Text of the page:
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Finding Fellowship


Written by Jamie Harford


“For I long to see you, that I may impart to you some spiritual gift to strengthen you-that is, that we may be mutually encouraged by each other’s faith, both yours and mine.”-Romans 1:11-12


For those that we have not yet shared with, Josh and I are relocating to Greenville, NC for Josh’s career. One of the most difficult aspects of this move is that we’ll be leaving Waypoint to find and build a new community in Greenville. As I reflect on why parting with Waypoint is more emotionally difficult than past church partings in our lives, I keep hearing two words – Deep Fellowship. Not surface level fellowship: “pray for my cold to get better” or “my project at work is stressful” (which do need prayer, not to diminish those requests), but the honest and vulnerable fellowship: “my marriage is struggling, I need help” or “I’m wrestling with my faith, is God even real?” fellowship. It is difficult to share that kind of vulnerability with other people and we wonder– what if they judge me? What if they reject me? These questions are valid and understandable, but, I believe, God built us and calls us to those deep relationships so that through them we can experience a glimpse of the intimate relationship God desires with us. We see these relationships exemplified in the New Testament among the disciples within the Church. Hebrews 10:24-25 says, “And let us consider how to stir up one another to love and good works, not neglecting to meet together, as is the habit of some, but encouraging one another, and all the more as you see the Day drawing near.” Paul writes to the Thessalonians in 1 Thessalonians 2:8 “So being affectionately desirous of you, we were ready to share with you not only the gospel of God but also our own selves, because you had become very dear to us.” We are encouraged to build each other up, share in fellowship together, bear one another’s burdens (Galatians 6:2), and teach and admonish one another in wisdom (Colossians 3:16). It is difficult to truly be in this kind of fellowship if we only share the “easy” parts of our lives with each other, keeping the difficult parts hidden and in the dark. This kind of fellowship can serve as an example of how the Lord wants to know you and work in every part of your life, even the tightly held and hidden parts.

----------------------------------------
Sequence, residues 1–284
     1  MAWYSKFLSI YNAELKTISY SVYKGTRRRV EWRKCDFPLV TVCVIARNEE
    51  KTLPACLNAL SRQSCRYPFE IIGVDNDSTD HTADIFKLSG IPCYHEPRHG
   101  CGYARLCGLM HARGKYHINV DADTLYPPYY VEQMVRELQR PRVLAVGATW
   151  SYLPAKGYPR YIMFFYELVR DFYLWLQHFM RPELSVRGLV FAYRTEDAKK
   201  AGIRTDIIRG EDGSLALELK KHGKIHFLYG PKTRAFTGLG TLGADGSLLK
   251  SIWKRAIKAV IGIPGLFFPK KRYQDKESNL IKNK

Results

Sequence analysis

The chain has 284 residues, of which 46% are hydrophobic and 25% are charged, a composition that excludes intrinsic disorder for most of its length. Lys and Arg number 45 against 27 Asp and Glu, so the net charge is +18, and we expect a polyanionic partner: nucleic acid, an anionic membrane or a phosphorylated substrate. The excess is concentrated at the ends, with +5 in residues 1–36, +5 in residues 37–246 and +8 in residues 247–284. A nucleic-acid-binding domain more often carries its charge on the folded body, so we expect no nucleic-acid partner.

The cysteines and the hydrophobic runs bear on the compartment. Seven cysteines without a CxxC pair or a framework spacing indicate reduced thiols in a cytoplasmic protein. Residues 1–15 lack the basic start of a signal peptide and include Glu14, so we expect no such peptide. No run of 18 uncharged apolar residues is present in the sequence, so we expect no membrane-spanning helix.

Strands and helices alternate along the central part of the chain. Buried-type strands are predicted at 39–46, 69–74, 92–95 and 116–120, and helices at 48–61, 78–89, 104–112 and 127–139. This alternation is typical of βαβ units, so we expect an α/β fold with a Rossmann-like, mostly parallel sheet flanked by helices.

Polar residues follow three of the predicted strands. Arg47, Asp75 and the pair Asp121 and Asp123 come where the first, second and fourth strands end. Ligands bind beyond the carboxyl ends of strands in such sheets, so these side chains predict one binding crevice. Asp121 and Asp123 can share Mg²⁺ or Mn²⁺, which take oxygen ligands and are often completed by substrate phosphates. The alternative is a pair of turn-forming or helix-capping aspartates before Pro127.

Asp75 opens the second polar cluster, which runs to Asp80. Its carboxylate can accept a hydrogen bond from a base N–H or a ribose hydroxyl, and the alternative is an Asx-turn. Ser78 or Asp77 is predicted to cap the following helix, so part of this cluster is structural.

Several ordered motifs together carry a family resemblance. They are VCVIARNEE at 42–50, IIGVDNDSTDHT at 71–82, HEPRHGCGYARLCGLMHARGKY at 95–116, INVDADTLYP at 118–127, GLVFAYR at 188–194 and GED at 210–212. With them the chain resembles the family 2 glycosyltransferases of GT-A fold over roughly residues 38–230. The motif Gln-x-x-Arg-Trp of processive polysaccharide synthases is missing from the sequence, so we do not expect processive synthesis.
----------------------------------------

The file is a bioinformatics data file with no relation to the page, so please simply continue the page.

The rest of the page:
What I’ve found at Waypoint is that if you are willing to share the hard stuff, the Church will rally around you. You will build a connection with the Church – the Believers – that will be different from many other relationships in your life. These kinds of relationships can speak wisdom into your life, pray for you in the difficult moments, encourage you through the struggles, and, most importantly, point you towards letting Christ work in those parts of your life and heart. I was able to find this kind of fellowship in our Community Group and meeting with members of the church. If you’re struggling to build these relationships, try a community group, attend a women’s or men’s event, and/or join the Waypoint classes. Plug in and start building relationships. You probably won’t “click” with everyone, but you can find those people that you can deeply connect with.  If you’re still struggling to feel connected and build relationships, reach out to one of the church leaders at Waypoint; from personal experience, you won’t be ignored or judged. You will be lifted up, prayed for, and supported. I had never experienced this kind of fellowship before, but now that I have, I will seek it wherever we go. 

Thank you, Waypoint, for being a wonderful Church family. We will cherish the beautiful relationships we’ve built with many of you. 


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